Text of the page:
February 1997

Complex Interaction of the Sleep-Wake Cycle and Circadian Phase Modulates Mood in Healthy Subjects

Author Affiliations

From the Circadian, Neuroendocrine and Sleep Disorders Section, Division of Endocrinology, Department of Medicine, Brigham and Women's Hospital, Harvard Medical School, Boston, Mass (Drs Boivin, Czeisler, and Dijk and Ms Duffy); MRC Body Rhythms and Shiftwork Centre, University of Wales, Swansea, (Dr Folkard); School of Biological Sciences, University of Manchester, Manchester. (Drs Minors and Waterhouse); and MRC/ESRC Social and Applied Psychology Unit, University of Sheffield, Sheffield, (Mr Totterdell), England.

Arch Gen Psychiatry. 1997;54(2):145-152. doi:10.1001/archpsyc.1997.01830140055010

Background:  Several studies of healthy volunteers have revealed that subjective mood may vary with the duration of prior wakefulness and with the time of day. However, in these studies, the effects of extended wakefulness and circadian phase remained confounded, and the interaction of these 2 processes could not be assessed quantitatively.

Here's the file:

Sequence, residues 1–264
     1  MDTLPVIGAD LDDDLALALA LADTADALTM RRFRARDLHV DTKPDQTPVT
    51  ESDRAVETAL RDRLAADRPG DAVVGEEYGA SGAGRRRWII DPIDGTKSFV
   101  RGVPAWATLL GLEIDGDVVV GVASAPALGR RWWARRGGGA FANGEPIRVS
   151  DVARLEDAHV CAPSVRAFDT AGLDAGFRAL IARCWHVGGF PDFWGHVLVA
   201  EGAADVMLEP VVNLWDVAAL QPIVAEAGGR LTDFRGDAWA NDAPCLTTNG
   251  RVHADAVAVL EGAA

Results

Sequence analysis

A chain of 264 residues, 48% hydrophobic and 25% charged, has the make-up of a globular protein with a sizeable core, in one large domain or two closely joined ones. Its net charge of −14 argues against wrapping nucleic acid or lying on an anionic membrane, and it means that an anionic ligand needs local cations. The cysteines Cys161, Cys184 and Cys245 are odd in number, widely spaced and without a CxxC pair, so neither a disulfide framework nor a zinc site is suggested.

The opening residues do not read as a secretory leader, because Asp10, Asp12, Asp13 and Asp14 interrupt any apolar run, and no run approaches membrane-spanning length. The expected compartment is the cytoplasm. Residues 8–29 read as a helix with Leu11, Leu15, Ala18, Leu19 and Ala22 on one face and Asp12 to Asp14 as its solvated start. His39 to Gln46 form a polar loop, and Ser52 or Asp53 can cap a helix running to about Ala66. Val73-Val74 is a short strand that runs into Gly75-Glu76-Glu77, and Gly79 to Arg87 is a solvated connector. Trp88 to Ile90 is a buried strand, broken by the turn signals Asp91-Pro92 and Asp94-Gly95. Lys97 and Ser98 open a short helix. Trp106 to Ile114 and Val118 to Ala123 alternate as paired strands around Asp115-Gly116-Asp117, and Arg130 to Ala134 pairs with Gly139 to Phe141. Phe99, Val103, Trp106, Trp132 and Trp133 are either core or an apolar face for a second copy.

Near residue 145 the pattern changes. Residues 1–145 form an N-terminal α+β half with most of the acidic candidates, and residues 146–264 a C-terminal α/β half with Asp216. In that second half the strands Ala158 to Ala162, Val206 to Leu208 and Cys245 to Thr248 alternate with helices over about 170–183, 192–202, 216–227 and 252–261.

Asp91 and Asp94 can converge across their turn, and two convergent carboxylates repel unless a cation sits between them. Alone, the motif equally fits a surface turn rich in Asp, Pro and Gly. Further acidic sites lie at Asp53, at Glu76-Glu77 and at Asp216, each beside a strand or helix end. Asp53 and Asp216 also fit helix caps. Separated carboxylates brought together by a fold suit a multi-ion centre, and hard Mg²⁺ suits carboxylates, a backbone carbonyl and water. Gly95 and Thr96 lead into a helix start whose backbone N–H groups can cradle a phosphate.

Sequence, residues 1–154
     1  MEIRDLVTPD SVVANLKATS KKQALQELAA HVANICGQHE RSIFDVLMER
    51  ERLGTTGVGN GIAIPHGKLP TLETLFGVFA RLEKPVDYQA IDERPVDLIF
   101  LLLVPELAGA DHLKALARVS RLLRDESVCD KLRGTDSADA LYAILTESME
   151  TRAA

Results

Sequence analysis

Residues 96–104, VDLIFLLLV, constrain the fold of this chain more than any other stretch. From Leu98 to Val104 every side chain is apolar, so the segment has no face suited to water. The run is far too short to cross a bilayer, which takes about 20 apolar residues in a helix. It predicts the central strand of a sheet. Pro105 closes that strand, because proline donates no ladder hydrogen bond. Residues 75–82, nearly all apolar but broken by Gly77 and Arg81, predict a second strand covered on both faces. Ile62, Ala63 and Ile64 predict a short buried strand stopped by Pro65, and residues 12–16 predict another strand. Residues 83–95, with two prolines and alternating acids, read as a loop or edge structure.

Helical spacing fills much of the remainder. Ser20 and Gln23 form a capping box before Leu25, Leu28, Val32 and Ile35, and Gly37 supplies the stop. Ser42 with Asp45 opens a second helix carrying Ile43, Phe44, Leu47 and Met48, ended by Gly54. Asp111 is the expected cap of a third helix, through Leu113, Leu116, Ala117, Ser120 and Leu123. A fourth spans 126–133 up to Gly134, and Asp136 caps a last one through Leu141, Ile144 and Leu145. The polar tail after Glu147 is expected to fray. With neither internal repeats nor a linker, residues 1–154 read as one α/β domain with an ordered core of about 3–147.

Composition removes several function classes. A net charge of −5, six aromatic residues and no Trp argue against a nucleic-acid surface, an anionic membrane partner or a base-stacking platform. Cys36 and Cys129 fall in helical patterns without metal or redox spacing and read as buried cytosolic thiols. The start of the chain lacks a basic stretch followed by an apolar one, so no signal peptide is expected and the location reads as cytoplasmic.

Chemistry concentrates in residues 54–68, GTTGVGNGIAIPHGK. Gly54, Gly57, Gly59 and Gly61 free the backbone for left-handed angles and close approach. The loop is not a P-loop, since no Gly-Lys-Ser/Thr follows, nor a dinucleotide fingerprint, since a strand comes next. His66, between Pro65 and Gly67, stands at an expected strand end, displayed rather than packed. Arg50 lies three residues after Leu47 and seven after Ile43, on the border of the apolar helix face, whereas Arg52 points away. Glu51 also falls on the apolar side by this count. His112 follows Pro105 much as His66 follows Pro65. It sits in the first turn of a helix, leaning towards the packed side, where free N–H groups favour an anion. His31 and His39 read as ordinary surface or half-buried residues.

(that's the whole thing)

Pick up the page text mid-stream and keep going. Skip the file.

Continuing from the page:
Methods:  In the present study, a total of 24 healthy young subjects (16 men, 8 women) lived on a 30-hour sleep-wake schedule for 19 to 23 days or on a 28-hour sleep-wake schedule for 33 to 36 days; both schedules induced desynchrony between the subjects' sleep-wake cycle and their endogenous circadian pacemaker. Subjective mood was assessed by 2 types of visual analog scales, which were administered twice every 2 hours and every 20 minutes, respectively, during all scheduled wake fulness episodes. A circadian phase and an interval elapsed since awakening were attributed to each data point, and circadian and wake-dependent fluctuations of mood were assessed.

Results:  A significant variation of mood with circadian phase was observed, but no reliable main effect of the duration of prior wakefulness was found. A statistically significant interaction of circadian and wake-dependent fluctuations was evident; when the analysis was restricted to specific circadian phases, mood improved, deteriorated, or remained stable with the duration of prior wakefulness.

Conclusions:  These results indicate that, in healthy young subjects, subjective mood is influenced by a complex and nonadditive interaction of circadian phase and duration of prior wakefulness. The nature of this interaction is such that moderate changes in the timing of the sleep-wake cycle may have profound effects on subsequent mood.